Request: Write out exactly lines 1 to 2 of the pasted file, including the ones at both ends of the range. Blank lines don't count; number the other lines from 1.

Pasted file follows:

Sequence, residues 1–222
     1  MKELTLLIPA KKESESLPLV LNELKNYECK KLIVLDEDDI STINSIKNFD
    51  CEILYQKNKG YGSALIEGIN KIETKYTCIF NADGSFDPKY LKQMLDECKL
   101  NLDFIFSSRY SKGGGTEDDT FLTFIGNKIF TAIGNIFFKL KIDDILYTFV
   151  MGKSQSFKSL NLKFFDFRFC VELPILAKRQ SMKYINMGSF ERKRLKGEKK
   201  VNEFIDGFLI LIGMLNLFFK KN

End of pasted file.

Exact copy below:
Sequence, residues 1–222
     1  MKELTLLIPA KKESESLPLV LNELKNYECK KLIVLDEDDI STINSIKNFD